Barclays shareholders have voted to approve the bank's remuneration package, which includes higher bonuses despite a 30% fall in profits.
Some 34% of shareholders failed to back the report,
Standard Life Investments, a key institutional shareholder, voted against the package.
The BBC's chief economics correspondent Hugh Pym said "there was a significant minority against the remuneration report".
The vote came against a backdrop of political and public opposition.
Barclays said 24% of shareholders who voted opposed its remuneration report.
When withheld votes were added, the proportion of shareholders failing to back the plan was 34%.
After the decision the Institute of Directors (IoD) said that "Barclay's decision to increase its bonus pool by more than 10% in a year when profits fell by a third, and when bonuses continue to dwarf dividend payouts to shareholders by a factor of three to one, was always going to be a tough sell".
"The significant vote by shareholders against the remuneration report has brought credit to some institutional investors," said Dr Roger Barker, director of corporate governance at the IoD.
"Fund managers like Standard Life have shown a willingness to act as responsible owners. A more active approach to stewardship amongst shareholders is essential if the UK is to sustain its leadership role in corporate governance."
The bank intends to increase its staff bonus pool by 10% to £2.38bn.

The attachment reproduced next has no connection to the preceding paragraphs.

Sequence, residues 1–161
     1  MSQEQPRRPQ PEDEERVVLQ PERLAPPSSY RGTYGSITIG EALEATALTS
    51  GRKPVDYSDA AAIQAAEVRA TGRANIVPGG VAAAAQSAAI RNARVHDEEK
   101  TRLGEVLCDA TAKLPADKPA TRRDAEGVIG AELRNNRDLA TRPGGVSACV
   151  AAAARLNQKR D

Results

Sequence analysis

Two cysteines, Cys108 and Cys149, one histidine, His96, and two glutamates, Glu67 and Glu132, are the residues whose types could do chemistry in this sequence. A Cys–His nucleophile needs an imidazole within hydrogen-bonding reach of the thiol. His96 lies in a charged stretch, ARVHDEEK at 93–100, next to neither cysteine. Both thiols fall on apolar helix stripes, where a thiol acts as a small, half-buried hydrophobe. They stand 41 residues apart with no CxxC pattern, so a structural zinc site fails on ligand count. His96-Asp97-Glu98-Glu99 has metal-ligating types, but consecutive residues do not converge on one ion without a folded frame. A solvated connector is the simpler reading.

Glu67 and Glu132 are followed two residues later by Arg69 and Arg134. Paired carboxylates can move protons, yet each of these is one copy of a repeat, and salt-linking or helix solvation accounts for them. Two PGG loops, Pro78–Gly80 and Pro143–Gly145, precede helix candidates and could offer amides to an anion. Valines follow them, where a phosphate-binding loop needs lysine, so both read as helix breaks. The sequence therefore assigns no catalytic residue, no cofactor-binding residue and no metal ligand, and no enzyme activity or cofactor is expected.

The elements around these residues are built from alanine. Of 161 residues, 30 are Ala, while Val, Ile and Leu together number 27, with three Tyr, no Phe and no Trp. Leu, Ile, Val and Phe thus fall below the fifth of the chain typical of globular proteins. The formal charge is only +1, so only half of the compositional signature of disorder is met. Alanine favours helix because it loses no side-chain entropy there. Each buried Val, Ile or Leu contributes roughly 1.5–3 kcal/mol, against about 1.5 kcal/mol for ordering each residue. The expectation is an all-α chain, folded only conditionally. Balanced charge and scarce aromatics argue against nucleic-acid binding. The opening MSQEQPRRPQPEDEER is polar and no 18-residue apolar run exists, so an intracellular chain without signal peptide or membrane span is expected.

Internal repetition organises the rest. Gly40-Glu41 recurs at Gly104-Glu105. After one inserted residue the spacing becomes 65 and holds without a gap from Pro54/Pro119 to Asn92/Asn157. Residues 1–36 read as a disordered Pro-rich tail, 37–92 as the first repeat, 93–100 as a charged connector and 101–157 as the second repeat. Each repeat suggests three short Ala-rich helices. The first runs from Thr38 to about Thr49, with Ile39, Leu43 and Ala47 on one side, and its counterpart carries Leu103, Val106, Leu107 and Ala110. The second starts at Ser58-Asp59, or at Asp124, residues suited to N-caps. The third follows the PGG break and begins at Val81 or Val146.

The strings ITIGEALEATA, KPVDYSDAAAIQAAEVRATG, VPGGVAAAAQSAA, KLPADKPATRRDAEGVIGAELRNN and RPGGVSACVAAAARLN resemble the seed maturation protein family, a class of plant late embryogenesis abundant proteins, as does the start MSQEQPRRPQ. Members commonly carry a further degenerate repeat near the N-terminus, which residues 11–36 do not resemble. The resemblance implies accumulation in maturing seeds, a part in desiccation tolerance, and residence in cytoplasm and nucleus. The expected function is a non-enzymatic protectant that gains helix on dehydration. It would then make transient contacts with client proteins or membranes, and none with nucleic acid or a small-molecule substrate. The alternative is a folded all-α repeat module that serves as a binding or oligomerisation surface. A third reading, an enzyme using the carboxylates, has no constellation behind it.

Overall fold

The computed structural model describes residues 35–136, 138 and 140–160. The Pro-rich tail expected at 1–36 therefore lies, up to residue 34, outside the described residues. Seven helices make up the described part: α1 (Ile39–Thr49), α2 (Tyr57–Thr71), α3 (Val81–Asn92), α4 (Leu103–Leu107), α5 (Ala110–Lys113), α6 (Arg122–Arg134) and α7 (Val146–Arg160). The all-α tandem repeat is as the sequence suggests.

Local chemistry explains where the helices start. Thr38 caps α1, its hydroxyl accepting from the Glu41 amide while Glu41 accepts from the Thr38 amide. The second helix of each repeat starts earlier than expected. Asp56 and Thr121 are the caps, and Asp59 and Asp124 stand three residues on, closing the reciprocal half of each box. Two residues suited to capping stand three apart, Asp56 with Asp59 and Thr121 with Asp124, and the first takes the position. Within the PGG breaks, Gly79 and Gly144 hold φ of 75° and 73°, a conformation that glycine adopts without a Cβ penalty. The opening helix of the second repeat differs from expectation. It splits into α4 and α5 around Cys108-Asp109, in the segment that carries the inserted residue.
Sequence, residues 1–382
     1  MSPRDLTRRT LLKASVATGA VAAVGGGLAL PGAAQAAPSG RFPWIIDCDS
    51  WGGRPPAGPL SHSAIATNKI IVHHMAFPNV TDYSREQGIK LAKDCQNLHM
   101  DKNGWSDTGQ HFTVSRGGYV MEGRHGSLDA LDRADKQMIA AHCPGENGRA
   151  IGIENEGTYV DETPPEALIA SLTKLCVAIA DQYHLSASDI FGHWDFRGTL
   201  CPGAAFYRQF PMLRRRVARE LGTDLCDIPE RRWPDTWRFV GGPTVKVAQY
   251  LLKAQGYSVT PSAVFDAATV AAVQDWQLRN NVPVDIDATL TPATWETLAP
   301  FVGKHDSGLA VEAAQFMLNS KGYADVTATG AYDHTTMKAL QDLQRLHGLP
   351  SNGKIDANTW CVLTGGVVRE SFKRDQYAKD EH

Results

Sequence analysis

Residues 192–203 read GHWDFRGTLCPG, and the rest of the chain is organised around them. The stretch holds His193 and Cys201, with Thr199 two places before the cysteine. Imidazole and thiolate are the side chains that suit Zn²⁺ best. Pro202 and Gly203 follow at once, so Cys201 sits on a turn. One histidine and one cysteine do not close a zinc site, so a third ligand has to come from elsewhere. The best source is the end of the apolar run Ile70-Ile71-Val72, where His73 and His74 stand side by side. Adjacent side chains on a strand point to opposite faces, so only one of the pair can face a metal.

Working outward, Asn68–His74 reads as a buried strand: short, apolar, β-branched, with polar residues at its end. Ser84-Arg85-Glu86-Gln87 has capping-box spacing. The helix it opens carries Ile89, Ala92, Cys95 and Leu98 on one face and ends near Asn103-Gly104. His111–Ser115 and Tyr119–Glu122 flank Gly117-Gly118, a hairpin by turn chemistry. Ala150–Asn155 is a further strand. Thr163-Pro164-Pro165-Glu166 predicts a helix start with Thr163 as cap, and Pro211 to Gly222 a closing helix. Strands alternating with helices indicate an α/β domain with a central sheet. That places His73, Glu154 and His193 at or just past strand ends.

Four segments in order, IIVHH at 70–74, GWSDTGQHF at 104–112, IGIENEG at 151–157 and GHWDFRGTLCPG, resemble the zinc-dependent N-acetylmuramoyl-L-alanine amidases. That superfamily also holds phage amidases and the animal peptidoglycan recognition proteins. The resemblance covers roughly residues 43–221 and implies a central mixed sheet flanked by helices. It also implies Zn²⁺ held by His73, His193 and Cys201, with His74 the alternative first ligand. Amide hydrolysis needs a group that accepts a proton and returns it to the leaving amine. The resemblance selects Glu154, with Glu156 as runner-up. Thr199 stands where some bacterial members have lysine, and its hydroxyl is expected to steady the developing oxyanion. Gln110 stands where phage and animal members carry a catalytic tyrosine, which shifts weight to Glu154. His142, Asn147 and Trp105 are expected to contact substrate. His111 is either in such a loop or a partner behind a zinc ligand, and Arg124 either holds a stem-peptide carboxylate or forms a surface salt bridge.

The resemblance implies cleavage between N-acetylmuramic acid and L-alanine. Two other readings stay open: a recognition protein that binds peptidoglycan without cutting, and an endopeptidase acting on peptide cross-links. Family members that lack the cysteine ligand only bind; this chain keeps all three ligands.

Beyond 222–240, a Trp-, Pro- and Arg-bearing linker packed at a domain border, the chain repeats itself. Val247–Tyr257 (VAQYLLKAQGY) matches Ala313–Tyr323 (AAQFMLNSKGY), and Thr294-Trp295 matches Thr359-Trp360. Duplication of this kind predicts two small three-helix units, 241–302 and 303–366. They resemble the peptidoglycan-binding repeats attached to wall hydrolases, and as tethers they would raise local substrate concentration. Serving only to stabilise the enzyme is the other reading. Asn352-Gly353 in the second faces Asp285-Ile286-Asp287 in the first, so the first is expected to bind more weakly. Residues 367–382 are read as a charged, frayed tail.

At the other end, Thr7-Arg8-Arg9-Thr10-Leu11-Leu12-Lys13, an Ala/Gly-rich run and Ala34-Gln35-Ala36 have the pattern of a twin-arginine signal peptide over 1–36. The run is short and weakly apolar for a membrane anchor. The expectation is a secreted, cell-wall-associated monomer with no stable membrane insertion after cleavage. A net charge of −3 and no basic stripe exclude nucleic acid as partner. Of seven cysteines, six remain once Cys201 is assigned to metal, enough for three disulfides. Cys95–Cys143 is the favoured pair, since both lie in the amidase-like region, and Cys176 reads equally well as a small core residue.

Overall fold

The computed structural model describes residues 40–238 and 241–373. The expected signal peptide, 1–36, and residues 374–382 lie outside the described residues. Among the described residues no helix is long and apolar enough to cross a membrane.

Barclays on Thursday said first quarter profits would be lower this year.
In February, Barclays announced a 30% fall in annual profits and job cuts.
The bank said its cost-cutting programme was starting to show a "material benefit" and would help to offset the downturn in investment banking.
Earlier in the day Alison Kennedy, a governance and stewardship director at Standard Life Investments, said the firm would vote against approving the remuneration report: "We appreciate that there were competitive pressures during 2013 [chiefly in investment banking]... and that the board was seeking to protect a business franchise under threat. "
She said that Standard Life Investments were unconvinced that the amount of the 2013 bonus pool was in the best interests of shareholders, and that they also believe that this decision has had "negative repercussions on the bank's reputation".
Earlier this week the Business Secretary, Vince Cable, wrote to the UK's top 100 companies warning them to keep a lid on executive pay.
Banks have restrictions on executive bonuses, brought in by the European Union.
They require most of the bonus to be deferred for several years, and part of that to be in shares, which can be taken back if it emerges the company's performance was worse than thought.
The shareholder activist group, Pirc, had recommended that members vote against five resolutions at the meeting, including the remuneration report.